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Soundcraft UI12 vs Behringer XR12: Case File

Soundcraft UI12 vs. Behringer XR12

The difference between wireless mixers can come down to the smallest of features. It’s like finding a needle in a haystack.

This saying could not be more true for the Soundcraft Ui12 and the Behringer XR12 mixers. 

Both mixers are digital, wireless, ultra-light, all in one, and have built-in wi-fi.

Both have a similar number of inputs and outputs, but their differences reveal themselves in the finer details. 

Don’t worry about the tiring research, because I’ve done it for you.

This comparison guide for Soundcraft Ui12 vs Behringer XR12 includes: 

  • Features and Specs of both mixers
  • Pros and Cons of the Soundcraft Ui12
  • Pros and Cons of the Behringer XR12
  • Important Differences
  • Choosing the right digital mixer that is in line with your needs
  • An alternative gear option

Grab your magnifying glasses and LET THE INSPECTION BEGIN!

Table of Contents

Soundcraft UI12 Overview:

1_Soundcraft UI12 Overview-

The Soundcraft Ui12 is a user-friendly product released in a series of remote-controlled, completely digital, and wireless mixers.

It has 12 input channels, each with a 4-band equalizer, high-pass filter, compressor, de-esser, and a noise-canceling feature.

What Makes the Soundcraft Ui12 Unique?

1_What Makes the Soundcraft Ui12 Unique-

Say goodbye to your heavy guitar & bass amps.

Simply connect your instrument’s cable to the first two Hi-Z inputs powered by DigiTech’s amp modeling software, which is capable of high-end simulations.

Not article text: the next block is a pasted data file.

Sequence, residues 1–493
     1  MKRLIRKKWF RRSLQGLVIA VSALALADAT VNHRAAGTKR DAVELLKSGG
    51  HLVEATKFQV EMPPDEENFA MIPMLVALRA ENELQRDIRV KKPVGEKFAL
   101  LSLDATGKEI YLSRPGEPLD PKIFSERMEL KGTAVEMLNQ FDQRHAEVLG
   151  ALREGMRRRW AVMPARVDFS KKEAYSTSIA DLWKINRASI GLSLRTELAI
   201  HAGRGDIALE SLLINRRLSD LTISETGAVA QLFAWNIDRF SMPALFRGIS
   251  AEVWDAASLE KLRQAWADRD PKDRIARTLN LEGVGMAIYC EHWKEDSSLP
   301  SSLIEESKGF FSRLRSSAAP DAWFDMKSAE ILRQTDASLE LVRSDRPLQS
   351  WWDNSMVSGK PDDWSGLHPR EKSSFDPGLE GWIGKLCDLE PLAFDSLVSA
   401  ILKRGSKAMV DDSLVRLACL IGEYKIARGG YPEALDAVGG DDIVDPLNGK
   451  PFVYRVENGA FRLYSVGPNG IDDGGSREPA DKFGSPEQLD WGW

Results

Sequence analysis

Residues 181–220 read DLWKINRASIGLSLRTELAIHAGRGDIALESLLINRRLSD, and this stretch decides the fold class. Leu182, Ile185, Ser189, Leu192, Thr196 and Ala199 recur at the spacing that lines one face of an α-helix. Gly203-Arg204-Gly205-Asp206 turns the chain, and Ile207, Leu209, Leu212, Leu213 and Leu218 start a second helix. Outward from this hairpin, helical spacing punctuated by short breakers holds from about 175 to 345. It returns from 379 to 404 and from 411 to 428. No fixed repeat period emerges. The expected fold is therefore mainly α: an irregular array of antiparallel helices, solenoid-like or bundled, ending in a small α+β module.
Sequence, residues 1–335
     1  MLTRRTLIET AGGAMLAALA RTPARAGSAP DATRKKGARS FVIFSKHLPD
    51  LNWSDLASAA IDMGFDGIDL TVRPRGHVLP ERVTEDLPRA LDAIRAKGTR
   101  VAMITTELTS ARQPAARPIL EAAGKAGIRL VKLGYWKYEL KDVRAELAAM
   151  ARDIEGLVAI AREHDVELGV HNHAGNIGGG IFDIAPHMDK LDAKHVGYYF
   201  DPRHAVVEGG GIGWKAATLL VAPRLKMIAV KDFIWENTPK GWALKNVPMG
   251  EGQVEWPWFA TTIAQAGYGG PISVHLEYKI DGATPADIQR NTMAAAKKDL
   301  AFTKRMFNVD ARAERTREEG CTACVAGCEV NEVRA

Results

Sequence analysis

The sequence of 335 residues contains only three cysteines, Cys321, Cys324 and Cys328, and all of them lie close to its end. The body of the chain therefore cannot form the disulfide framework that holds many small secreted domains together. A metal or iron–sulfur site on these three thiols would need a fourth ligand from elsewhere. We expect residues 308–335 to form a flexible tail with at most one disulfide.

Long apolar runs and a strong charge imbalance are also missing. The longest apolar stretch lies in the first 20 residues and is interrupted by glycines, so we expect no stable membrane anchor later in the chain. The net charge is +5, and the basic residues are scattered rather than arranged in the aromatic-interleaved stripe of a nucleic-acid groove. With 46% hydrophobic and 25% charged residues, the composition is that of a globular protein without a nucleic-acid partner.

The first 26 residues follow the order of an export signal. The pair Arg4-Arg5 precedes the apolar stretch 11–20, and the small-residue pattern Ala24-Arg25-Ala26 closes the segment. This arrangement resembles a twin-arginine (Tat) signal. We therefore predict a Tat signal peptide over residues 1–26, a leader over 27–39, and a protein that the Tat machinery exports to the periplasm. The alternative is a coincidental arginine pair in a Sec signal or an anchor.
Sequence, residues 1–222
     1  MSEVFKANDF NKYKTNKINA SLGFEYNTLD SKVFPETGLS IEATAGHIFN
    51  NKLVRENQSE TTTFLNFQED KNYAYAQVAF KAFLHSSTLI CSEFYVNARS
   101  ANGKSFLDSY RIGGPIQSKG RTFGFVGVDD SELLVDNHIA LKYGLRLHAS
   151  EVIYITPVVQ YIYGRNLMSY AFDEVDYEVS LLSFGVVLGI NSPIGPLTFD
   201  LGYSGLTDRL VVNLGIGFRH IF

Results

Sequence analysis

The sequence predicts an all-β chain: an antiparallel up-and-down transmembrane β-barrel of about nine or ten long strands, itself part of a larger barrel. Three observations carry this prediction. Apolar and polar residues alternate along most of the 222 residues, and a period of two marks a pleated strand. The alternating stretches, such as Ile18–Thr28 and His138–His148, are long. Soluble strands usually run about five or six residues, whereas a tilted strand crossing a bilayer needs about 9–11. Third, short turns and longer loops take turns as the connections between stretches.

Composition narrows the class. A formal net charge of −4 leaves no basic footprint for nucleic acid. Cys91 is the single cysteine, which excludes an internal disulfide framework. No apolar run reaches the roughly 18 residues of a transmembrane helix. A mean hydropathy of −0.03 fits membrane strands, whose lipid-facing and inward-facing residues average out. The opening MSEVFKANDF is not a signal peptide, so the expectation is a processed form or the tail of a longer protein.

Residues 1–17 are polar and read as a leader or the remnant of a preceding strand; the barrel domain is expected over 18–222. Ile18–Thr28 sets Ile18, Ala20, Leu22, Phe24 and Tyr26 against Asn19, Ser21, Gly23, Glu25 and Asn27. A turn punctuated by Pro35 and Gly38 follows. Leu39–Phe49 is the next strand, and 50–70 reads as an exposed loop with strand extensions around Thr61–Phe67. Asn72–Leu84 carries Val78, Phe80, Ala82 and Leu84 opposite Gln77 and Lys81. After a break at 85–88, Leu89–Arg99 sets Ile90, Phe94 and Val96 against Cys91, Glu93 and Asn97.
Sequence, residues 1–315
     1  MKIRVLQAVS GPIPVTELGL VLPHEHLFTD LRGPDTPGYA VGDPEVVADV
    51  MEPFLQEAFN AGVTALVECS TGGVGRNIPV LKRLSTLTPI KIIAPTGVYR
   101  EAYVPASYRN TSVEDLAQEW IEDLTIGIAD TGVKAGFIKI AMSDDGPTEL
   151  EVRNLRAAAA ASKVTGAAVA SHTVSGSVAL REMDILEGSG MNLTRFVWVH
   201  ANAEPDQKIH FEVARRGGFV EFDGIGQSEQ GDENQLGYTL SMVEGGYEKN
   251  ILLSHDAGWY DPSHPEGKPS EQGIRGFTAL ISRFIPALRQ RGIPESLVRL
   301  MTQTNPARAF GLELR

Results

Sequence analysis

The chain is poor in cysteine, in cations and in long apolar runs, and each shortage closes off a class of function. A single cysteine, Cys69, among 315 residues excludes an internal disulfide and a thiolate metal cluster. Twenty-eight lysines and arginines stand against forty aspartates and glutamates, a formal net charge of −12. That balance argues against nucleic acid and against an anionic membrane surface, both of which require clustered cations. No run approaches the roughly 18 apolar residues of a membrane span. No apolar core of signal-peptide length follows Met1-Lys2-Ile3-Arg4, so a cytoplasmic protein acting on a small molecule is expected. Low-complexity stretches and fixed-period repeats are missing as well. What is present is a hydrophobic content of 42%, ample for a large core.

I like the Soundcraft Ui12 because it can suppress external sources of potential noise with its advanced feedback suppression algorithm, for a smoother and less distracting mixing experience.

It’s a superb digital mixer that takes convenience to another level with its integrated wi-fi and compatibility with any HTML-5 web browser (Safari, Firefox, Chrome, etc.).

It also comes with an ethernet port that lets you connect and operate it on any monitor, giving you the freedom to mix anytime and anywhere with ANY DEVICE.

List of Features:

  • Compatible with iOS, Android, Windows, macOS, and Linux devices.
  • Can connect up to 10 screens simultaneously, so each band member can control their monitor mix and effects.
  • Feedback suppressors for 2 channels.
  • Real-time frequency analyzer (RTA) for its inputs and outputs.
  • Amp simulation is perfect for guitar and bass. 
  • HDMI output for monitors and a USB port for mouses, recording, and playback.

What Are the Benefits?

Beginners don’t need any previous experience to operate its user interface.

It’s very intuitive, I promise.

It’s compatible with your phone, iPad, and various computers. It’s conveniently PORTABLE and HANDY, so you can slip it all in a single backpack.

It’s great for acoustic gigs and other small-scale performances.

Strong built-in recording capabilities filter out the noise and feedback frequencies while retaining its audio quality.

You can also connect a USB stick for audio-file playbacks.

The 8 XLR inputs provide enough preamps for singers and drummers, plus it’s excellent at simulating amps.

Are There Any Drawbacks?

The Ui 12 is highly dependent on your internet connection, so an unstable connection can cause you to lose control of your mixing.

Another possible issue is the user interface glitching.

I’d say the connection is your biggest issue with this music gear.

List of Tech Specs:

  • Channels: 12
  • Inputs – Mic Preamps: 4 x XLR/TRS, 4 x XLR
  • Phantom Power: Yes
  • Inputs – Other: 1 x Stereo (RCA)
  • Outputs – Main: 2 x XLR, 2 x TRS
  • Outputs – Other: 2 x XLR
  • Data I/O: Ethernet
  • Effects: Yes
  • Multi-Track Recording: No
  • Feedback Control: Yes

Let’s move on to the Behringer XR12…

Behringer XR12 Overview

1_Behringer XR12 Overview

The Behringer XR12 is a digital mixer that prides itself on its mobility. It’s compatible with your iPad and Android tablet through its free mobile app software (X AIR).

It sports 12 channels with 4 MIDAS-programmed mic preamps, a 100-band RTA on each channel, and, like other Behringer mixers, the X32 effects rack.